January 8, 2010 — Earth is estimated to have about 150 million species of microbes in, on, around and under its surface. The genomes of only about 2,000 have been and are being decoded. A vast unknown realm awaits investigation.
To cast light on this invisible and largely unknown world, the U.S. Department of Energy's Joint Genome Institute has initiated a "genomic encyclopedia" to begin piecing together the tree of life within this vast terrain.
In the Dec. 24 issue of the journal Nature, scientists with the multi-institutional government-led institute, including University of Virginia biologist Martin Wu, published an analysis of the first 56 microbes sequenced thus far in the fledgling genomic encyclopedia. The organisms represent two of the three domains of the microbial tree of life.
The researchers have identified protein and gene families and enhanced their knowledge of the microbe's phylogeny.
"A key prerequisite for studying microbial evolution and diversity is the accurate determination of the evolutionary relationships among the organisms of interest," Wu said. "The explosive growth of bacterial genomic sequences makes it possible to reconstruct the bacterial tree of life on the genome level."
Most studies in microbiology have exploited a narrow subset of the evolutionary diversity of bacteria and archaea selected because they cause diseases or are of other human interest, rather than for fundamental understanding. As a result, only a few branches have been sequenced. The Joint Genome Institute's approach is to sequence little-studied microbial species that will inform understanding of other microbes and complex microbial communities.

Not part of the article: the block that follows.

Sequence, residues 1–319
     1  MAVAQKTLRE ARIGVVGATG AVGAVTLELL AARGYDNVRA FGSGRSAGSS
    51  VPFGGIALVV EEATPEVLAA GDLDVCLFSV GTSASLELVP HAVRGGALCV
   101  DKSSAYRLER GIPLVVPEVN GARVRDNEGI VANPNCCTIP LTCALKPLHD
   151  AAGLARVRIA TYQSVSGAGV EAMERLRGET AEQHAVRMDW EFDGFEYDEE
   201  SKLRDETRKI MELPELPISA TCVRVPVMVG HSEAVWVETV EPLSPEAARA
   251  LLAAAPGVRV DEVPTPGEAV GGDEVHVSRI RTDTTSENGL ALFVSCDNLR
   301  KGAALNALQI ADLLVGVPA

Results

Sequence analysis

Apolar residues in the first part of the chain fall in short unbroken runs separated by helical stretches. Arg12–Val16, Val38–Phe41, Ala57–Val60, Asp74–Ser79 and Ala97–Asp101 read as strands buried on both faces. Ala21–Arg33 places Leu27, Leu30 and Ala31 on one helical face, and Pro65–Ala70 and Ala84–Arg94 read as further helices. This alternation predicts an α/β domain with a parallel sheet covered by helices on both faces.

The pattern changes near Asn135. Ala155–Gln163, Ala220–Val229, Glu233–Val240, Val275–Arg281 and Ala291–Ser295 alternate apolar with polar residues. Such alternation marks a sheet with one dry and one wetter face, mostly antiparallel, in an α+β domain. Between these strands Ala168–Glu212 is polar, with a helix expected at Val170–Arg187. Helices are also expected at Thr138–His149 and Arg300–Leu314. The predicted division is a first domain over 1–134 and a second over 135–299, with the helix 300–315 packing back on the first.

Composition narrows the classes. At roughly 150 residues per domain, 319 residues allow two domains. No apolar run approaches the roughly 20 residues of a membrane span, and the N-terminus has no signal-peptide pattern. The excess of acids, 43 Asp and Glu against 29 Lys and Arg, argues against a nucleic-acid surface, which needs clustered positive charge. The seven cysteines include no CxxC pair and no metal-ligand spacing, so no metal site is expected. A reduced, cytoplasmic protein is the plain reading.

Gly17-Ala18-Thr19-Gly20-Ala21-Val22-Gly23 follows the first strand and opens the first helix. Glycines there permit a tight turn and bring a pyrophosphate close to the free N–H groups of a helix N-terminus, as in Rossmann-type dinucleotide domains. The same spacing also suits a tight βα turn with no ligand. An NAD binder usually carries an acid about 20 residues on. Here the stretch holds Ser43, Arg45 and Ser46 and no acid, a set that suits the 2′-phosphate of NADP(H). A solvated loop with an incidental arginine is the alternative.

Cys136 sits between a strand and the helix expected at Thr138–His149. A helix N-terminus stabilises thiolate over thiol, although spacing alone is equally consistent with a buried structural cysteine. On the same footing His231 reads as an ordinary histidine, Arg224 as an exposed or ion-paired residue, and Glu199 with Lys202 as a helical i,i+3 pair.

"We are only scratching the surface," Wu said. "The vast majority of microbes remain hidden from us because they have not been cultured yet."
"What distinguishes [this project] is that it is less about the individual genomes and more about building a more balanced catalog of the diversity of genomes present on the planet, which in turn should facilitate searches for novel functions and our understanding of the complex processes of the biosphere," said senior author Jonathan Eisen, a science team leader with the Joint Genome Institute and the University of California, Davis.
Over time, information flowing from the project will shed light on the diversity of gene families and improve understanding of how microbes acquire new functions. A key outcome will be new genetic products and enzymes previously unknown to biologists.
Already, several of the characterized microbes from the "volume" of the genome encyclopedia are paying dividends. Researchers have discovered, for example, a novel set of cellulases – enzymes capable of breaking down plant material into sugars that can be rendered into transportation fuel – in a variety of organisms.
The project was launched in May 2007. Investigators intend to extend the research well beyond the pilot phase to sequence hundreds, and perhaps even thousands, of genomes from additional unknown microbes.
Wu joined U.Va. this past fall as an assistant professor of biology. He came from UC-Davis where he was a staff scientist. He studies how microbes evolve, adapt and diversify at the molecular, organismal and community levels, drawing upon the fields of genomics, evolutionary biology, computational biology and ecology. He also plans to integrate his cutting-edge genomic research with undergraduate teaching.